The goal of many parents is to teach their children to be empathetic, compassionate and productive members of society. One of the best ways to achieve this goal is by getting kids involved in their community. Not only will it help them learn more about the world that surrounds them, but it will also foster important skills that will last a lifetime.
There are plenty of ways that kids can serve their community that will not only benefit others, but will benefit them, too!
A great way for kids (and their parents) to serve the community is by volunteering. Of course, it helps others, but it also provides a wealth of other benefits.
Volunteering can strengthen the family bond and encourage the development of communication and interpersonal skills. Plus, it just makes you feel good. When you give to others, you feel a sense of pride and accomplishment. Children feel a sense of purpose and happiness as they connect with others in a meaningful way.
Whether it’s at a local food pantry, a nursing home or offering to help neighbors that are in need, there’s so much that children can gain when they volunteer.
Clean Up a Local Park
Kids love spending time at the park, but their enjoyment can be marred when they see that it’s littered with garbage and graffiti.
Instead of finding another park to go to, encourage children to help clean up the space. Doing so will not only benefit them, but it will also benefit other neighborhood children. Bring along trash bags, gloves and any other equipment that would come in useful. Ask friends to chip in and lend a hand.
Your children will love knowing that they played a part in beautifying a space that they—and their entire community—enjoy using.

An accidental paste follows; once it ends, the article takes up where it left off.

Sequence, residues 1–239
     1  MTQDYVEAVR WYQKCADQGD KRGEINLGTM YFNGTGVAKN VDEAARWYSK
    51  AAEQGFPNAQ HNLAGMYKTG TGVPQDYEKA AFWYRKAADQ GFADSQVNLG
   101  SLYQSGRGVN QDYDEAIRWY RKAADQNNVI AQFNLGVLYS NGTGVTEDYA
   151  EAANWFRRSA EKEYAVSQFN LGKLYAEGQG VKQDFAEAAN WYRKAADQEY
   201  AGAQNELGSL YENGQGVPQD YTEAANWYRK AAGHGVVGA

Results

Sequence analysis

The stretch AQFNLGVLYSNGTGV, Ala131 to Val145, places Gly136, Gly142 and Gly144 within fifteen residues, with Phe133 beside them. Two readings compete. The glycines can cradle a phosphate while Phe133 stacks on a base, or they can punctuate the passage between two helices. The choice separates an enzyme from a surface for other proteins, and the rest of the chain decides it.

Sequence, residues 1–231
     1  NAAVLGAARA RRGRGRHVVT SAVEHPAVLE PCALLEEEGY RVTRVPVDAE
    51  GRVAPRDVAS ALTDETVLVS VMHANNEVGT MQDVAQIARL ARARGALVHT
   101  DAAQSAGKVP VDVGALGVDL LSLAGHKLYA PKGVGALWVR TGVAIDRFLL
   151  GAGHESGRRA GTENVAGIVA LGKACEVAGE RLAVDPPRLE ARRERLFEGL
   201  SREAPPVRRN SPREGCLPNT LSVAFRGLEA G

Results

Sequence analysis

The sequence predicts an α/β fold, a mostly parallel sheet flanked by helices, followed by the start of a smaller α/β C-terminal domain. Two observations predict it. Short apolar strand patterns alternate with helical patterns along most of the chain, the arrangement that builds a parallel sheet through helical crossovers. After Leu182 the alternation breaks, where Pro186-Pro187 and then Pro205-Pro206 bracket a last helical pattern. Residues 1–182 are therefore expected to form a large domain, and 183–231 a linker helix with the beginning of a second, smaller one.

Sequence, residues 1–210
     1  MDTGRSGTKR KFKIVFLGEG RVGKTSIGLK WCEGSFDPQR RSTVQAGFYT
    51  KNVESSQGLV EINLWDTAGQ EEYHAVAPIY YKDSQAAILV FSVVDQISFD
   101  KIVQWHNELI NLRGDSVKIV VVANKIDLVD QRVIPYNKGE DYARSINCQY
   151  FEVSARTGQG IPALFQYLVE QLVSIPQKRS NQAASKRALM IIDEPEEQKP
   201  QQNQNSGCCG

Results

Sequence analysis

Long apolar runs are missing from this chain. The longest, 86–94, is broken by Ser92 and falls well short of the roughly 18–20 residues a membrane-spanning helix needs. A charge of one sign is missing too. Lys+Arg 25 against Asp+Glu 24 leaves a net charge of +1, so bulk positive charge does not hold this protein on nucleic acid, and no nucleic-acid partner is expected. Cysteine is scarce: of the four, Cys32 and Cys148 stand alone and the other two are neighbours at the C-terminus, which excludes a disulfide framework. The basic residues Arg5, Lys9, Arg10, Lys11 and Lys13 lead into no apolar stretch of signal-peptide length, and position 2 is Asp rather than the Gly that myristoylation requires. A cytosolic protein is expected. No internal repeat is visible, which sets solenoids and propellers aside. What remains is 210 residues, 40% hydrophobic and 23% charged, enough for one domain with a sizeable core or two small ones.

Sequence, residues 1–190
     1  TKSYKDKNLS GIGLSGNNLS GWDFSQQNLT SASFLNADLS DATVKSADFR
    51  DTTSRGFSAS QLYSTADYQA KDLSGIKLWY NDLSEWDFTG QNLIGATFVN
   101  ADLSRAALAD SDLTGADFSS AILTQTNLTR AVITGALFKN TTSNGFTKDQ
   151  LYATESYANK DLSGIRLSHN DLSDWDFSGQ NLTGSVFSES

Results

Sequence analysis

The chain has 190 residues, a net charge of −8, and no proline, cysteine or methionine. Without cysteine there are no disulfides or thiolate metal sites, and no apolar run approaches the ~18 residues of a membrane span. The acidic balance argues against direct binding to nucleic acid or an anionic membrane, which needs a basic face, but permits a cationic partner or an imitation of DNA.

Encourage Water Conservation
Conserving water is another excellent way to encourage kids to help their community on a much larger scale. Their local community will benefit from their efforts, and so will the planet.
Teaching your kids to conserve water starts at home. Encourage them to reduce their water consumption in the following ways:
Turn off the water while brushing their teeth
Take shorter showers (set timers, if it helps)
Make sure faucets are tight when turned off
Use “recycled water” to water the grass and gardens—use any water left in water bottles, water that was used to boil pasta (after it cools), collect rainwater in containers, etc.
Offer Skills to Others
Children of all ages have valuable skills that they can offer to others. Whether it’s pulling weeds in a neighbor’s garden, reading books, playing a musical instrument, or offering to go grocery shopping for someone who is elderly or disabled, there are so many ways that kids can help others. They can offer their services free-of-charge and do so much good for someone else.
By encouraging your kids to take an active part in their local community, they can learn invaluable skills and gain a true understanding of the impact they can make in the global community.
This article originally appeared here.